Can We Measure Noncognitive Attributes of College Applicants?

testAsk professors what kind of students they want in their classes and you might hear attributes like initiative, persistence and leadership. How well are those attributes measured by admissions tests? Yeah, not so well.

But can we create a way to make non-cognitive assessments that help colleges measure the attributes that we value? An article in The Chronicle is what got me thinking about it.

We know the history. It's actually similar to what we find in trying to measure writing ability. Portfolios, self-evaluations and short essays are a better measure, but very time-consuming to assess. And it is even harder to get people to agree on what is good writing. That's why for admissions purposes  cognitive measurement has been the way.

SATs and other college-entrance tests have been and still are the established measures of knowledge and ability.  Non-cognitive attributes are all the ones that are "not grounded in or directly derived from rational thought" according to David T. Conley and the researchers and psychometricians who study the tests.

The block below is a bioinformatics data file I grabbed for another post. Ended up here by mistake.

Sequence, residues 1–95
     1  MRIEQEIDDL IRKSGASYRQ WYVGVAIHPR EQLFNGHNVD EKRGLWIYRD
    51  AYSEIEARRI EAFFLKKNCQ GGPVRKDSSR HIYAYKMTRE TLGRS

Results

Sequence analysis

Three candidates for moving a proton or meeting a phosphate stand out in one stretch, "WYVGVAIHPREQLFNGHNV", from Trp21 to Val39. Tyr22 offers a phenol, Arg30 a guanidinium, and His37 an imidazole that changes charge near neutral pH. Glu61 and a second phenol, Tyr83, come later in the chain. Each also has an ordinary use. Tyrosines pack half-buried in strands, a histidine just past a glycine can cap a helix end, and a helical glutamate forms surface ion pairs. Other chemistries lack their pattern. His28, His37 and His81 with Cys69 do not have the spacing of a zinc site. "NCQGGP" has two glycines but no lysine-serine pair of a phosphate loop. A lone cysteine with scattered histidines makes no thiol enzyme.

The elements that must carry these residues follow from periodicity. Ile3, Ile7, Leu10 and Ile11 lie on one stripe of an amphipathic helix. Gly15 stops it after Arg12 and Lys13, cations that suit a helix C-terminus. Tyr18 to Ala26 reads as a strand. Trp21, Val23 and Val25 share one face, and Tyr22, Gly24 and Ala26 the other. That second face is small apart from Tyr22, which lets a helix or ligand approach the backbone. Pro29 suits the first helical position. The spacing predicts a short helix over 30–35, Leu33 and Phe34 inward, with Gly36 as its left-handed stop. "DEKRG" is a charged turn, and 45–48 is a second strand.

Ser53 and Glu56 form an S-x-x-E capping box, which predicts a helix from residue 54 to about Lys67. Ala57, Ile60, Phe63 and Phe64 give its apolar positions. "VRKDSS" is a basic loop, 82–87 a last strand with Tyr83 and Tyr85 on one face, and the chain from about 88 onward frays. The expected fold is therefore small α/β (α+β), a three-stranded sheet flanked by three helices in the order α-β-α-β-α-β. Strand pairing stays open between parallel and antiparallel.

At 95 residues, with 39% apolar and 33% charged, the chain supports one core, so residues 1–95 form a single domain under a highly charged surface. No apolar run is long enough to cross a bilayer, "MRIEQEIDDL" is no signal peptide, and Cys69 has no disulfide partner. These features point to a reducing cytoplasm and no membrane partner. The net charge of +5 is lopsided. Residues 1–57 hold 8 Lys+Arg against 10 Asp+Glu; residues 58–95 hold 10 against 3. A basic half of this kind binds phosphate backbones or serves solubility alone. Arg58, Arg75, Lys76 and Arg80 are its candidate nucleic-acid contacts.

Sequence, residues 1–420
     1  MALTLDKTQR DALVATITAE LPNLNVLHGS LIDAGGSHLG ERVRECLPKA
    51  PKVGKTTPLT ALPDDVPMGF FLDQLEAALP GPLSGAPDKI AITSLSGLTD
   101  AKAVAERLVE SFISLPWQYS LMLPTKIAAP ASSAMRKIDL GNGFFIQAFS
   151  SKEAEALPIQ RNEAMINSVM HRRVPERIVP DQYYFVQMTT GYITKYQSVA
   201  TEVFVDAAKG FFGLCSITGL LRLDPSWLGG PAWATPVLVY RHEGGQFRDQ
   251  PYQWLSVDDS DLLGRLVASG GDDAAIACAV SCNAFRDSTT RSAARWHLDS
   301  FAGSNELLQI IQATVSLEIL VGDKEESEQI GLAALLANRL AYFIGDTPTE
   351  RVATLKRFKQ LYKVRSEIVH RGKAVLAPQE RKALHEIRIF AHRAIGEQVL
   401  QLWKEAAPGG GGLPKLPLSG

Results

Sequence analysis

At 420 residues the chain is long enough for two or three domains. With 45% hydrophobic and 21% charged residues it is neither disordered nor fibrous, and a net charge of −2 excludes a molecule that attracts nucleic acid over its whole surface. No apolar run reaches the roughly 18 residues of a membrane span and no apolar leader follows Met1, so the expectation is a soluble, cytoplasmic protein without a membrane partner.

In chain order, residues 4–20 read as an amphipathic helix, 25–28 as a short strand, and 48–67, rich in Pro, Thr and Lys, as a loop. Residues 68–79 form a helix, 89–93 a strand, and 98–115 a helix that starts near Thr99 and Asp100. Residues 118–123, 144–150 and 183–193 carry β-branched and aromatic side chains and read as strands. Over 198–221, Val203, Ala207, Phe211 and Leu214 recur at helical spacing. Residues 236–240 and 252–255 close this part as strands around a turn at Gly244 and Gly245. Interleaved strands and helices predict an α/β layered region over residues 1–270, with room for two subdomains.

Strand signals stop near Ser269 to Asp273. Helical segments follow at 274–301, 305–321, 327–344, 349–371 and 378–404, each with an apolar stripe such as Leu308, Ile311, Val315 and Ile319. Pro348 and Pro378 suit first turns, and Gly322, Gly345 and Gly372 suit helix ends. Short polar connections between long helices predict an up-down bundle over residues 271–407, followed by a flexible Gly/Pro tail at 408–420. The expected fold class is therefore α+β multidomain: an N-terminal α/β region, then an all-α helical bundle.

There have been articles and research for years telling us that standardized-test scores don't do a very good job at predicting a student's long-term potential to succeed. What about grade-point average? Also not very good at predicting merit or potential.

That's why alternative indicators of student potential have interested colleges. Probably all of us submitted a personal statement and letters of recommendation. Most admissions people believe those are useful, but like all writing assignments, difficult to assess.

The two big players in admissions testing, The College Board and Educational Testing Service, have experimented with ways to measure non-cognitive qualities. Those qualities include artistic and cultural appreciation, integrity, communication skills and teamwork.


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